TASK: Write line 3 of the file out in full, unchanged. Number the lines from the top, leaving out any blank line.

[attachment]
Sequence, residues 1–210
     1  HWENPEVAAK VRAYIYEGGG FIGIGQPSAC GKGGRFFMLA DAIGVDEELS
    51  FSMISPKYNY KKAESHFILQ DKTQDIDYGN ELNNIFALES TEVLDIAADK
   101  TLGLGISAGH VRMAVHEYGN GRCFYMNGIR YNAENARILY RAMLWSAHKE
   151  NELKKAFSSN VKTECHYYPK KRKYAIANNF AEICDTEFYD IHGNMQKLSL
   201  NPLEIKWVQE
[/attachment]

    51  FSMISPKYNY KKAESHFILQ DKTQDIDYGN ELNNIFALES TEVLDIAADK